In the halcyon days before the pandemic, when headlines were dominated by the mundane trials and tribulations of the US-China trade war, China enacted a sweeping new Foreign Investment Law as the worst of the hostilities began to die down. The regulations enshrined in this high-level law provide many of the concessions that the US and other G7 nations with investments in China had long been clamoring for, but also contain provisions to review foreign investments for national security concerns.
Author: Charles Smith
Amendments to China’s Patent Law are set to take effect later this year. The changes promise to strengthen patent enforcement in China in a variety of areas and should allow foreign companies operating in China to better protect their intellectual property portfolios. However, changes to the Patent Law alone will not be enough to put an end to the predatory practices of forced technology transfer, and it remains to be seen how Chinese courts and regulators will interpret and enforce the amendments.
After only a dozen years since promulgating its initial Anti-Monopoly Law, currently proposed revisions promise to strengthen anti-monopoly enforcement in China and reshape the regulatory landscape in the world’s second largest economy. Actions by regulators over recent years have shown a commitment to more vigorous monopoly busting, and supplementary draft regulations indicate that China intends for its enforcement to be as robust as that found in the West.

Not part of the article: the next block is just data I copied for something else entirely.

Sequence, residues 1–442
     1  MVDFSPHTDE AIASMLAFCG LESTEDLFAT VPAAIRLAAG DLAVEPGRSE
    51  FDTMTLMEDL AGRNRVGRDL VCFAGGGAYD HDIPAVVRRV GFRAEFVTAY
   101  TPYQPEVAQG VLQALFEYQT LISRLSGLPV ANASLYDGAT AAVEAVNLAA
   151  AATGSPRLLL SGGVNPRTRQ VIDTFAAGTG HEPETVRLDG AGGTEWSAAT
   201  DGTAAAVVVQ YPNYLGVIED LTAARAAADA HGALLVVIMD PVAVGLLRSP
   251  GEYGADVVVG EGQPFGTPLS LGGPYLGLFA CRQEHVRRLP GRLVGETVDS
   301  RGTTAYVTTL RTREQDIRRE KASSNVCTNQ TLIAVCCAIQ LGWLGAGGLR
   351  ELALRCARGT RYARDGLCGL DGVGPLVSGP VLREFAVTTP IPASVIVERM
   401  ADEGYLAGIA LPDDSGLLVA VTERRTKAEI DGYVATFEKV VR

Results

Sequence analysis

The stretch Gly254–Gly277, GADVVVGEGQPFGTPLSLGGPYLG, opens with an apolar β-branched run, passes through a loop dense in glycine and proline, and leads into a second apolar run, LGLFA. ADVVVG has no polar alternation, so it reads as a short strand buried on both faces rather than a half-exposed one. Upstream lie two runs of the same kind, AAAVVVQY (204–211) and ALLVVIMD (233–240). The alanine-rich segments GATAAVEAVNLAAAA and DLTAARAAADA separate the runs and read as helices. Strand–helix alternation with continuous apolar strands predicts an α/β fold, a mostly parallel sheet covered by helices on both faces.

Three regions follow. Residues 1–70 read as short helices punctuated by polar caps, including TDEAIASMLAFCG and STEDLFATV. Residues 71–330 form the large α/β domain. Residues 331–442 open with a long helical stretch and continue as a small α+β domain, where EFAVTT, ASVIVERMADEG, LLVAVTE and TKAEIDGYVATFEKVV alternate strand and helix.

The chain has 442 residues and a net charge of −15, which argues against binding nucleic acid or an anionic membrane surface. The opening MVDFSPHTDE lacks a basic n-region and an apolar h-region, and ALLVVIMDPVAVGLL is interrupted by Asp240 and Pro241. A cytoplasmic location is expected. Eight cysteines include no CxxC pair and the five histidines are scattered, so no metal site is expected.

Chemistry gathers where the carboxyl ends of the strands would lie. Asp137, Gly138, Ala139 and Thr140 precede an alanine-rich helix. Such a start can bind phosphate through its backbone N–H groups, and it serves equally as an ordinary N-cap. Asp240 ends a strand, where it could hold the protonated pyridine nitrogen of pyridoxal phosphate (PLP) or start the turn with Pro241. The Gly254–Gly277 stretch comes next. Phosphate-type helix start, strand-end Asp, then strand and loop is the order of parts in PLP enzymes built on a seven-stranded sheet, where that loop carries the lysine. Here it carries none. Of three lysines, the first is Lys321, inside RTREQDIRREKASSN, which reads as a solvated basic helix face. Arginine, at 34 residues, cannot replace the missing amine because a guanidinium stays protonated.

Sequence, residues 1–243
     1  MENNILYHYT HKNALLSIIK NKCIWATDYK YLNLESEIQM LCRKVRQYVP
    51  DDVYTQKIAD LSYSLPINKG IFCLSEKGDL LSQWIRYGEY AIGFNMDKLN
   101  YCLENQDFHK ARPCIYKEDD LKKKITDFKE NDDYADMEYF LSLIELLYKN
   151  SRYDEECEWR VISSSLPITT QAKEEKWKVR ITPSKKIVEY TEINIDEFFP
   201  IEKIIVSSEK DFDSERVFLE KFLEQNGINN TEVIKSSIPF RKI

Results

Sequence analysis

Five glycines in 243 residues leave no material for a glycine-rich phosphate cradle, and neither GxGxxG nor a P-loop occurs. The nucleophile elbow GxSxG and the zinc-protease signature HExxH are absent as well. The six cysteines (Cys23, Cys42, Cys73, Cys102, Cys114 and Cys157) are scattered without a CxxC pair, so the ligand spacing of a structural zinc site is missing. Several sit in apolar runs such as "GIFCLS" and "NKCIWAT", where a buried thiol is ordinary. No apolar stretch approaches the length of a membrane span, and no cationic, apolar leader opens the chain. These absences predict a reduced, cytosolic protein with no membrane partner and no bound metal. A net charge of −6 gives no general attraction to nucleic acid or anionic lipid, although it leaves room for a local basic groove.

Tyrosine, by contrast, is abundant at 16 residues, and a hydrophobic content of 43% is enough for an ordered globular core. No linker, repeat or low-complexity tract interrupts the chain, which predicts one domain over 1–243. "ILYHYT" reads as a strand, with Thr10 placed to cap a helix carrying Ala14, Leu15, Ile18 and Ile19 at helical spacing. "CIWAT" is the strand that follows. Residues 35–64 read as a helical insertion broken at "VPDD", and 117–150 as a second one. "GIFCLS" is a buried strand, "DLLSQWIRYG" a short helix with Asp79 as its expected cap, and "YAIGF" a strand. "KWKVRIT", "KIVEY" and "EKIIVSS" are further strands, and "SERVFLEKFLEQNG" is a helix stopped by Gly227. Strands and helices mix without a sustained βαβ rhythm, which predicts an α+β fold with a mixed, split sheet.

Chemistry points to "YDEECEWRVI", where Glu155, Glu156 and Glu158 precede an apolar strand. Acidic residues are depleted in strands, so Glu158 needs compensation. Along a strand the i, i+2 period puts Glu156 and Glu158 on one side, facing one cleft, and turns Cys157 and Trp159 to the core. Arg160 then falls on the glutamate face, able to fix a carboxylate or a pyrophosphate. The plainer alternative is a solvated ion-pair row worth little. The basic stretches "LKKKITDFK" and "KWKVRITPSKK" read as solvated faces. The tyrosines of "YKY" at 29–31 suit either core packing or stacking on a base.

Michael Jordan and Bruce Lee have been making news in China’s trademark scene over recent years with cases aimed at protecting the legitimate IP rights of foreign persons and entities in China. Amendments to China’s trademark laws should provide broader protections to companies across the board; however, questions concerning whether owners of less well-known brands can find as effective enforcement as celebrities sporting household names remain.